Protective Fencing for Snowy Plovers Goes up on Dockweiler Beach

A joint effort offers the threatened species a chance of recovery.

How such a tiny creature can project charisma that a Hollywood star would envy is beyond me, but I know grown men who wish they could keep them in their bath tubs. I’ve seen adolescents swoon at their first sight of them. I know elementary kids fighting for them. What are they? Snowy Plovers, a tiny shore bird that calls the beaches of our west coast home. Due to habitat loss through various impacts on our beaches, the Plovers are a threatened species. In fact the last breeding pair on a Los Angeles County beach was recorded in 1949.

Volunteers looking at Plovers Photo by: Lisa Fimiani

Image Snowy Plovers call the beach home: They sleep on the beach. They eat on the beach (they like the bugs that break kelp down). They hunker down in rain and wind in little depressions on the beach. They even lay their eggs on the beach. That’s right! No nest in a tree or bush or rocky cliff for them. They scratch a little divot in the sand, appropriately called a “scrape”, and lay their eggs right on the beach! The eggs are so well camouflaged and look so much like the sand they rest on that you wouldn’t see them until you nearly step on them.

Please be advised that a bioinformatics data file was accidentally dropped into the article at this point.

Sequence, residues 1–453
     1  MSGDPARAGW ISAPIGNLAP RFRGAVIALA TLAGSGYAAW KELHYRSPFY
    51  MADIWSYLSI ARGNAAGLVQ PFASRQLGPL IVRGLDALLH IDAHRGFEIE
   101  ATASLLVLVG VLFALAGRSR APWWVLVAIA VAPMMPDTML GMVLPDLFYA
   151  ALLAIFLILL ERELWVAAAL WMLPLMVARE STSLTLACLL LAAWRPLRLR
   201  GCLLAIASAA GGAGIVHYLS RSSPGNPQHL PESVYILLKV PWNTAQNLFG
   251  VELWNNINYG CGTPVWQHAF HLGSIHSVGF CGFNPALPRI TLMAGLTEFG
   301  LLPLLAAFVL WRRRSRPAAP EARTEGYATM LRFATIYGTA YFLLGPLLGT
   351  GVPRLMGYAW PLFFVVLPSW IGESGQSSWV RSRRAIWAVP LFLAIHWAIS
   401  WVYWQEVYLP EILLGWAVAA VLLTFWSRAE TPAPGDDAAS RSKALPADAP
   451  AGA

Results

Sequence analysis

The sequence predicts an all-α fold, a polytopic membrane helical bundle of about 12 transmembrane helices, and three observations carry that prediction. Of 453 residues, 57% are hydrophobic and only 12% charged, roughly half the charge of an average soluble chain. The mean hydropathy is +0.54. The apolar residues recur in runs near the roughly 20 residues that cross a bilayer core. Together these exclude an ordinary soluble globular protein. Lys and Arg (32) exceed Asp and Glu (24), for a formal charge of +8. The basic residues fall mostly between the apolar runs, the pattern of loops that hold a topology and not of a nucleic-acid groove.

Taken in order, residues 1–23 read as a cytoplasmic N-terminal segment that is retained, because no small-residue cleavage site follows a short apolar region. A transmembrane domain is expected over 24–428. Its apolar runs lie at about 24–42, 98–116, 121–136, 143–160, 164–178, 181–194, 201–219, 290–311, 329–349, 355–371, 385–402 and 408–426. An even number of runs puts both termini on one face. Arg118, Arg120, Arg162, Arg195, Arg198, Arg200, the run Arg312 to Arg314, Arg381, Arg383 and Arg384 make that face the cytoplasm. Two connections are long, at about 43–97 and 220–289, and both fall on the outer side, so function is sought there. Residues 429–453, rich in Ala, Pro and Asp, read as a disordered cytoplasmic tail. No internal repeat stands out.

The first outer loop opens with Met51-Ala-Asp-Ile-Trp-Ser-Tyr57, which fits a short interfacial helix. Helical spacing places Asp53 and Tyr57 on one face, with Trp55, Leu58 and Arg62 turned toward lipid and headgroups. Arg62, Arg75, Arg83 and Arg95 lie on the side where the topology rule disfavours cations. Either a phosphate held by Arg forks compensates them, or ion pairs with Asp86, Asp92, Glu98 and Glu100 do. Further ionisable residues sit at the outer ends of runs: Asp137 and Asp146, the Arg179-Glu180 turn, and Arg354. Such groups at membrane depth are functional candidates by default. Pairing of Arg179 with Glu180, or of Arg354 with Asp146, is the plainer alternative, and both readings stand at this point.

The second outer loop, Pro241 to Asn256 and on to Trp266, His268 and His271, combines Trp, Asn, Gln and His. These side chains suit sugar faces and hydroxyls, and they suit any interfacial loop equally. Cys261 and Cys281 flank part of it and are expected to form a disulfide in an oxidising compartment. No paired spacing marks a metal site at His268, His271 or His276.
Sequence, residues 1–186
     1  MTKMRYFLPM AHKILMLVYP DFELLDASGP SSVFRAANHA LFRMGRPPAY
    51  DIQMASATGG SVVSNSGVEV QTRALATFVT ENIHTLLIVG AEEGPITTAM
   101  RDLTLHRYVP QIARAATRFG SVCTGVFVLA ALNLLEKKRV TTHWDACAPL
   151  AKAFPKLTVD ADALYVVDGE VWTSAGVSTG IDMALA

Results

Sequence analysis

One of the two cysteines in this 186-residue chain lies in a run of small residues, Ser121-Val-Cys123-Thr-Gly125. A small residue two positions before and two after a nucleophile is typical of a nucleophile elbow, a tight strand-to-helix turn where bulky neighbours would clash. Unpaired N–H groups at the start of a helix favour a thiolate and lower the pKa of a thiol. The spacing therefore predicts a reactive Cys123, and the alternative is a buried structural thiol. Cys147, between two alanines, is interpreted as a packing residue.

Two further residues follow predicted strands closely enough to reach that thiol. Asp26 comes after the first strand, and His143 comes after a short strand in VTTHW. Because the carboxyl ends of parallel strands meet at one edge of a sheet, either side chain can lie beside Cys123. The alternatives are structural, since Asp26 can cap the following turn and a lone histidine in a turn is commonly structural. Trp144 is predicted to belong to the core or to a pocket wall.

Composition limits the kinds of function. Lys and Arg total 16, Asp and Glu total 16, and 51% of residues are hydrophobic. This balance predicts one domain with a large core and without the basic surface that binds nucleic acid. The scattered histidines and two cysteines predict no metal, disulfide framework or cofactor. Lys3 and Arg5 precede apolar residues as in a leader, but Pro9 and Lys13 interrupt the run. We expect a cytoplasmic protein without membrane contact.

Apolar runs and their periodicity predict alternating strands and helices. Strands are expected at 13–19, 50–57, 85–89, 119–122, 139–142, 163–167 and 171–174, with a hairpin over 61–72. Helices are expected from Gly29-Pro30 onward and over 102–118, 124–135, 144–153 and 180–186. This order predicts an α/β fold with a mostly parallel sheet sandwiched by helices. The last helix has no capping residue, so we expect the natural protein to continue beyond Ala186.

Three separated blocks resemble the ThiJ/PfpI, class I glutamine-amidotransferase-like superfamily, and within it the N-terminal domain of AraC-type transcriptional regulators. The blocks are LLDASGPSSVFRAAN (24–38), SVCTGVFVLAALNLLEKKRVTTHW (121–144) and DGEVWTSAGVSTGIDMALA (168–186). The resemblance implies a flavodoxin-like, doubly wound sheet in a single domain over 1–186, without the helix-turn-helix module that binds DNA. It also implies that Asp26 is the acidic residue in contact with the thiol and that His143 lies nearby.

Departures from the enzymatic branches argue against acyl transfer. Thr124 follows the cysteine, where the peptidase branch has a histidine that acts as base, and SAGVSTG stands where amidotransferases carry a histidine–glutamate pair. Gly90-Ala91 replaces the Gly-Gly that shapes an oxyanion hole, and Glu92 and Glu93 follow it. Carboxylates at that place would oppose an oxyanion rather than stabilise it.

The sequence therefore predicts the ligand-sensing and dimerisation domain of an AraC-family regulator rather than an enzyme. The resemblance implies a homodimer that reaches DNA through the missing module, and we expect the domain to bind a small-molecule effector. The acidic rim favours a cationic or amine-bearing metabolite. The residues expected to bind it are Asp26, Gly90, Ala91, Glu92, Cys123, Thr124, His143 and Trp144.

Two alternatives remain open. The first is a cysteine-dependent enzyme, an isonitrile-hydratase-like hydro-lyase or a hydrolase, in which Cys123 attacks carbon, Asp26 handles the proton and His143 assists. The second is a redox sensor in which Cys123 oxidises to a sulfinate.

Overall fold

A three-year effort to identify where Snowy Plovers like to roost (hang out) on LA County beaches and determine measures to protect those areas, has paid off. Plovers like to hang out on very specific beaches in LA, one of them being Dockweiler Beach at the end of LAX. In early January, the County Department of Beaches and Harbors erected a protective fence at the Dockweiler Plover roost, a very positive step in helping the birds recover. The fence, made of orange plastic mesh, is 100 feet deep and 300 feet long and is horse-shoed shaped, with an opening to the ocean.  Its intent is to keep people, vehicles, dogs, etc., out of that space the Plovers are calling home on Dockweiler.

Volunteers working in the enclosure Photo by: Lisa Fimiani

Image On Saturday, January 24th, a group of volunteers descended on the Dockweiler roost to rid it of trash and debris that recent winter storms had hurled there. Armed with a permit from the County to enter the enclosure, the group spent two hours house keeping in the company of 25 Plovers! Yes, the little creatures were resting in the sun in the enclosure!

The volunteers removed bags of plastic debris including Styrofoam food packaging, ball point pens, cigarette butts and the like. The most curious aspect was the number of plastic cigar tips in the sand.

The good news: lots of kelp had washed into the enclosure, ensuring that Plovers had a food source pretty handy, and, magically, the rains of last week helped sprout a number of beach plants!

Thanks to all the partners who have worked so long on Snowy Plover protection: the US Fish and Wildlife Service; California Department of Fish and Game, Los Angeles  County Department of Beaches and Harbors; Santa Monica, Palos Verdes/South Bay, and Los Angeles Audubon Societies; and, biologist Tom Ryan of Ryan Ecological Consulting.

If you’d like to get involved in Snowy Plover conservation, please contact This email address is being protected from spambots. You need JavaScript enabled to view it..

Mom and chick Photo by: Callie Bowdish